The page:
Chastisement For Sin!

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Blueridge Believer

Puritan Board Professor
I will yet give you two or three instances more, wherein it will be manifest that whatever happeneth to thee, I mean as a chastisement for sin, after the spirit of adoption is come, thou oughtest to hold fast by faith the relation of Father and son. The people spoken of by Moses are said to have lightly esteemed the rock of their salvation, which rock is Jesus Christ, and that is a grievous sin indeed, yet, saith he, "Is not God thy Father that hath bought thee?" and then puts them upon considering the days of old (Deut 32:6). They in the prophet Jeremiah had played the harlot with many lovers, and done evil things as they could; and, as another scripture hath it, gone a-whoring from under their God, yet God calls to them by the prophet, saying, "Wilt thou not from this time cry unto me, My Father, thou art the guide of my youth?" (Jer 3:4). Remember also that eminent text made mention of in 1 Samuel 12:20, "Fear not; ye have done all this wickedness" ; and labour to maintain faith in thy soul, of thy being a child, it being true that thou hast received the spirit of adoption before, and so that thou oughtest not to fall under thy first fears, because the ground is taken away, of thy eternal damnation.

Now, let not any, from what hath been said, take courage to live loose lives, under a supposition that once in Christ, and ever in Christ, and the covenant cannot be broken, nor the relation of Father and child dissolved; for they that do so, it is evident, have not known what it is to receive the spirit of adoption. It is the spirit of the devil in his own hue that suggesteth this unto them, and that prevaileth with them to do so. Shall we do evil that good may come? shall we sin that grace may abound? or shall we be base in life because God by grace hath secured us from wrath to come? God forbid; these conclusions betoken one void of the fear of God indeed, and of the spirit of adoption too. For what son is he, that because the father cannot break the relation, nor suffer sin to do it—that is, betwixt the Father and him—that will therefore say, I will live altogether after my own lusts, I will labour to be a continual grief to my Father?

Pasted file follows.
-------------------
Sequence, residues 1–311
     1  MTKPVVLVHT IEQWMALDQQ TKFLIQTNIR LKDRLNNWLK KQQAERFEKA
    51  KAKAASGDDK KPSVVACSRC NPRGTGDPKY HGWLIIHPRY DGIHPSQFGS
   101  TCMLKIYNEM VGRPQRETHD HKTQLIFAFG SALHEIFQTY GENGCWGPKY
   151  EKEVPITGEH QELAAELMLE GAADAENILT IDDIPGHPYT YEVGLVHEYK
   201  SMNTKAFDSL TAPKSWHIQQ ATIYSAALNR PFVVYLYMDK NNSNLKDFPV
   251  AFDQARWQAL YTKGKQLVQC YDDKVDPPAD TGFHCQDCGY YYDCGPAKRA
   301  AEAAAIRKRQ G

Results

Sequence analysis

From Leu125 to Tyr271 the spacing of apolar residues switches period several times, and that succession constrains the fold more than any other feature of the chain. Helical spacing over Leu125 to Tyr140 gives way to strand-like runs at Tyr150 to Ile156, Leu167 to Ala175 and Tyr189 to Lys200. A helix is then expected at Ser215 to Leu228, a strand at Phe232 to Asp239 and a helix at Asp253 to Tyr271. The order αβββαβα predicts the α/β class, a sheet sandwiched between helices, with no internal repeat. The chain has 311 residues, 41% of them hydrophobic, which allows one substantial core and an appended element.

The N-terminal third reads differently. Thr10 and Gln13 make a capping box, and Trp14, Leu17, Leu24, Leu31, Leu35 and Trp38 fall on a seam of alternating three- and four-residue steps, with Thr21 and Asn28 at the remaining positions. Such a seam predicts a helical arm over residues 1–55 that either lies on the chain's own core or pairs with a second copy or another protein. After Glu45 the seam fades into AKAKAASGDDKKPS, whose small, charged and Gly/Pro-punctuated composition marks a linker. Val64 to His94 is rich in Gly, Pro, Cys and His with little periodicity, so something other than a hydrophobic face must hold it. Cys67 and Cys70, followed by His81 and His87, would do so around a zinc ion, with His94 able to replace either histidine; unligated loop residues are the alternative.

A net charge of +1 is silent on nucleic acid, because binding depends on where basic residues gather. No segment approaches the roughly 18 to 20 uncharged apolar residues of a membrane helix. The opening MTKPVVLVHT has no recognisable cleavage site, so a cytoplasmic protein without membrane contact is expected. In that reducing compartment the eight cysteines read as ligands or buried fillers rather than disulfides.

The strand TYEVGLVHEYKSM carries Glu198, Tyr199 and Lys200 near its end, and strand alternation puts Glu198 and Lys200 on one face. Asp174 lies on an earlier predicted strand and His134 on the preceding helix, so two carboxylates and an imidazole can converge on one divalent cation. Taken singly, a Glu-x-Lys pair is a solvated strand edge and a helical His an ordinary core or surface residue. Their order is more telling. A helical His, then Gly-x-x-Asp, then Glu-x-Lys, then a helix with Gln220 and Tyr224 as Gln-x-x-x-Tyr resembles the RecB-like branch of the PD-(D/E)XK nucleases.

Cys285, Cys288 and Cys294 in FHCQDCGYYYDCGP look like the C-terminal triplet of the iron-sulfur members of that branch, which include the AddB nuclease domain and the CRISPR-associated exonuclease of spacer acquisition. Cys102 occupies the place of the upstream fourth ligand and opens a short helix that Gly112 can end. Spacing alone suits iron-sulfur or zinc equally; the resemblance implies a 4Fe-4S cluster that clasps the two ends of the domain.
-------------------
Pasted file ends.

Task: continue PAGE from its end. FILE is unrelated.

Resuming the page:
[Considerations to prevent such temptations.]

Yet lest the devil (for some are "not ignorant of his devices" ), should get an advantage against some of the sons, to draw them away from the filial fear of their Father, let me here, to prevent such temptations, present such with these following considerations.

First. Though God cannot, will not, dissolve the relation which the spirit of adoption hath made betwixt the Father and the Son, for any sins that such do commit, yet he can, and often doth, take away from them the comfort of their adoption, not suffering children while sinning to have the sweet and comfortable sense thereof on their hearts. He can tell how to let snares be round about them, and sudden fear trouble them. He can tell how to send darkness that they may not see, and to let abundance of waters cover them (Job 22:10,11).

Second. God can tell how to hide his face from them, and so to afflict them with that dispensation, that it shall not be in the power of all the world to comfort them. "When he hideth his face, who then can behold him?" (Job 23:8,9, 34:29).